“They’re pitching him a certain way, and he’s taking advantage of it to the pull side,” Hyers said. “Talk to me a month from now, and they might have a different approach to him."
By then, Betts’ swing will likely look a little different than it did in Anaheim. Fluidity is central to Betts’ existence in baseball, not only in his strides across the outfield, but in his daily approach in the box. Similar to a pitcher who adapts to the stuff he has on a given day, Betts moves between different versions of himself at the plate — even if the changes are slight.
“You try and be the same every day,” Betts said. “But nobody wakes up and does the same thing every day. So, you have a little tweak here and there, and if you’re just not doing something today — it’s kind of like golf. You know, you hit a slice, you’re slicing the ball today. Just for that day, play the slice. Then, the next day may change.”
That mindset is notable because it sounds counterintuitive. Hitters spend day and night in the cage to achieve some sort of ideal, or so it long appeared. Rarely, if ever, is the ideal swing described as mutable inside a given day. Hitters talk about adapting to pitchers or game situations, but not about adapting to their own feeling at the plate.
J.D. Martinez is the scientist who reverse engineers every result. Betts is the artist who knows which paints work together and which do not, but may not always know why. In 2018, Betts' understanding of his art is growing along with his output.
Teammates for two months now, Betts and Martinez chatted about their swings during batting practice on Wednesday afternoon. They talked again later that night, in the dugout after Martinez homered to the opposite field on a pitch at his ankles. (That conversation may not have been educational, however. After the game, Martinez joked he should not have swung at the pitch.)
They are as different as learners as they are batters, but Martinez and Betts have taken to each other quickly.
“What makes him so good are his hands,” Martinez said. “And I tell him that, I’m like, ‘Dude, don’t — if someone ever tells you to change your hands, tell ‘em to kick rocks. Because that’s what makes you, you.’
“He’s always asking questions, man. He’s always asking me, 'What are you trying to do with this pitch? What are you trying to do with that? How’d you get the ball this way, how do you get the ball in the air?’
“He wants to learn, which is cool, because he’s always been the guy to go up there and just hit. It’s cool, I respect that because … you’re always trying to get better, and that’s what I see in him.”
Martinez obsessively reviews video to the point that he has had to tell himself to step away. Betts reviews footage of his at-bats, but in a more deliberate fashion.
“There’s an art to watching video,” Betts said. “You have to learn how to watch video, what you’re looking for. If you’re just looking at video, looking at the big, broad picture, then you kind of get yourself in trouble. But if you kind of narrow in on certain somethings, then that’s how you kind of clean yourself up.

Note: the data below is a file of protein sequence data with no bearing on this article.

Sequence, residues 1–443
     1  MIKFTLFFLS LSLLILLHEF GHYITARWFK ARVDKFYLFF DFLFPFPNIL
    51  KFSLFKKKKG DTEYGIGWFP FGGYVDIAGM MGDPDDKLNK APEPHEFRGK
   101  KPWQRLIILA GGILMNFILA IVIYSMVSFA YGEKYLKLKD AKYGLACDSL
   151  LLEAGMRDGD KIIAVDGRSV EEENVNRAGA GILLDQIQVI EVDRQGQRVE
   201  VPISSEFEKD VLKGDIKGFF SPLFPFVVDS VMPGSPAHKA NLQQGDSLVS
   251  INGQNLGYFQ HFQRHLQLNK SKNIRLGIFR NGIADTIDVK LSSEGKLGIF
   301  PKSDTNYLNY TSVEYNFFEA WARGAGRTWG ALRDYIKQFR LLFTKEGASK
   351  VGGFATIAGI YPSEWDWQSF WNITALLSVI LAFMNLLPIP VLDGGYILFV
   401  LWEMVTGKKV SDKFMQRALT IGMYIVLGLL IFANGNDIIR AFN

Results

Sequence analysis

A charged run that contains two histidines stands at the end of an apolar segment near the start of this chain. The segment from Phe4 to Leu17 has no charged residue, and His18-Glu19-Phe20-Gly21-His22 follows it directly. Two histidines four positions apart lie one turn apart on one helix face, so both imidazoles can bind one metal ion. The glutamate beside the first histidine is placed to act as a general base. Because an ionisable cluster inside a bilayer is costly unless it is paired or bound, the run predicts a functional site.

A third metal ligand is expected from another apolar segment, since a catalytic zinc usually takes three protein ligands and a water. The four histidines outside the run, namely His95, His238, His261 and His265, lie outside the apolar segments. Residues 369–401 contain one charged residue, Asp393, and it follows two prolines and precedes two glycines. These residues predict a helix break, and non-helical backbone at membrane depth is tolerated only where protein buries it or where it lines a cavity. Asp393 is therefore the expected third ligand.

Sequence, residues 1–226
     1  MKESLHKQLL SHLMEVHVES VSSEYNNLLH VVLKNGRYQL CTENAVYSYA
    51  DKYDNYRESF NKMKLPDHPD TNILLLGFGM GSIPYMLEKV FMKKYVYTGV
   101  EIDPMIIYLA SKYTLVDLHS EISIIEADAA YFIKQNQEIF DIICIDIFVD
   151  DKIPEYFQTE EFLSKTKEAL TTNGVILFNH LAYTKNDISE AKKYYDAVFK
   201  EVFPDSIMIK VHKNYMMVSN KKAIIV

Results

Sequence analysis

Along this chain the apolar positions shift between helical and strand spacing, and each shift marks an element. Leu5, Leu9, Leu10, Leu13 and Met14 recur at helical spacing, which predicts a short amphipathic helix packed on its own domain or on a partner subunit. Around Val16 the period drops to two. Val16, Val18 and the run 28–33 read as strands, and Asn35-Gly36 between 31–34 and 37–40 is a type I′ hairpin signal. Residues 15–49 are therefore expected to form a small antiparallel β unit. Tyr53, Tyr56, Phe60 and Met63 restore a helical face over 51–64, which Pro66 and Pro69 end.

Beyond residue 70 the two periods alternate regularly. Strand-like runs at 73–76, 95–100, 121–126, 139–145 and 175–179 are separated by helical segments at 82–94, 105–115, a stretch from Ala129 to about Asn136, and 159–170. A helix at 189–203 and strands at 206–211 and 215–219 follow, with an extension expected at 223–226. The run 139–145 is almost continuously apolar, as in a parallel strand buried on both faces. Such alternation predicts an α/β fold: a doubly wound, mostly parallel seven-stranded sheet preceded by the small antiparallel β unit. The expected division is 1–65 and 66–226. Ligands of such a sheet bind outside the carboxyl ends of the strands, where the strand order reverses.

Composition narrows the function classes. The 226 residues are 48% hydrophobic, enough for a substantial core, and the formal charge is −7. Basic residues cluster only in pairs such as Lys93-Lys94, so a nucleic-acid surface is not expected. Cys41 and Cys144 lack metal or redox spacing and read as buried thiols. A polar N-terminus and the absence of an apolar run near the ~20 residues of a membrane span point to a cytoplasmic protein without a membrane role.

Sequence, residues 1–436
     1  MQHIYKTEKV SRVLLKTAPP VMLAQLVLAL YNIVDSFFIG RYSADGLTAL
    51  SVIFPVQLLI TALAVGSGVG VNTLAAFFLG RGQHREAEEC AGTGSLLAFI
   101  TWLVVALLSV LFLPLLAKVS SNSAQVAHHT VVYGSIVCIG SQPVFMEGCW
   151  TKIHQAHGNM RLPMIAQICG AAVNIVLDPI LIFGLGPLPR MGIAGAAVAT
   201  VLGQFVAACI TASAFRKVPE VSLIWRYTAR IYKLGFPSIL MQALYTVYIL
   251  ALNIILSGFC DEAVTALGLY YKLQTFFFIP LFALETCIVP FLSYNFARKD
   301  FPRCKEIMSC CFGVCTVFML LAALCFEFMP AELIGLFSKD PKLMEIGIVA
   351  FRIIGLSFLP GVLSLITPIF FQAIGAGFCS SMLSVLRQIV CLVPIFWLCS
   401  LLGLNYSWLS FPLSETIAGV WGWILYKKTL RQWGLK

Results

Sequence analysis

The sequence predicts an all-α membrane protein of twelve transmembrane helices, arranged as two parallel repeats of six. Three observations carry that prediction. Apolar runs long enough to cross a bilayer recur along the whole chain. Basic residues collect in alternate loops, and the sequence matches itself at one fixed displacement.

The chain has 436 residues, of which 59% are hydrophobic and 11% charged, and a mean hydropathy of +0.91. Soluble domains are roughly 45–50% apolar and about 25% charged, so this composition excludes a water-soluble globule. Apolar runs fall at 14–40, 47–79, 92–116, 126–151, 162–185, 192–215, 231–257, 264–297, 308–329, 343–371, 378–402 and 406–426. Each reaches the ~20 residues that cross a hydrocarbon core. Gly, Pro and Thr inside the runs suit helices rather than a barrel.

“Looking at just the swing. I mean, that’s pretty much it. Usually my timing is pretty close to the same all the time. I do a lot of the same movements. But the swing is different sometimes. Sometimes I swing down, sometimes I swing up, whatever.”
Martinez hasn’t exactly broken down Betts’ swing frame by frame, but he does regard Betts as somewhat atypical.
“You know, I never really got to sit there and study him and watch his swing,” Martinez said. “But being around him and seeing how athletic of a hitter he is, really, something that kind of just caught me, you look at [him] mechanically … he does a lot of things differently than most great hitters do.”
Martinez, perhaps a bit of a mad scientist — and definitely a candidate to become a hitting coach someday — didn’t elaborate at length.
“That’s a whole ‘nother topic,” Martinez said. “Just compare him to some of the best hitters. And see what you see.
“Just the way his legs work … His legs are really different.”
(When asked, Betts wasn’t sure exactly what Martinez was seeing, which probably speaks to their different consumption of hitting techniques more than anything else. “I’ve heard, ‘Where does the power come from?’” Betts said. “Other than that I haven’t really heard unorthodox.")
Regardless, Martinez was emphatic: the message to Betts is to stay true to himself.
When he talks to Hyers, Betts highlights the importance of his legs being “underneath” him. Betts will say that he feels calm in the batter’s box, or grounded. Or, he will say that he does not.
“And that’s his terminology,” Hyers said. “And when he keeps his stride length in order, not too far, and keeps everything underneath him, that’s when he lets the electric hands work.”
Overall, Hyers did not see Betts as unconventional as Martinez did, but Hyers noted Betts has more moving parts than some, particularly as he loads. (Watch his hands.) Betts has particularly loose shoulders, Hyers pointed out.
Either way, for a hitting coach, communicating with a “feel” hitter doesn’t sound like the easiest task. But a proclivity for “feel” does not preclude one from communicating well, and Hyers said Betts is successful conveying his thoughts.
“If he feels things get off line, just let him talk and [describe] what feels different," Hyers said. "And you just kind of start to hit those target areas where he feels uncomfortable. It’s more, we just talk through things, instead of you going, ‘OK, this is X,Y, Z.’”
Betts said Hyers does a strong job of using key words and terms, triggers to help Betts remember how he felt at a certain point in time. Baseball's best hitter to begin the 2018 season needs to do, not see.
“Always a feel for me,” Betts said. “I can look at it and mimic something, but if it doesn’t feel right, then I kind of don’t trust it."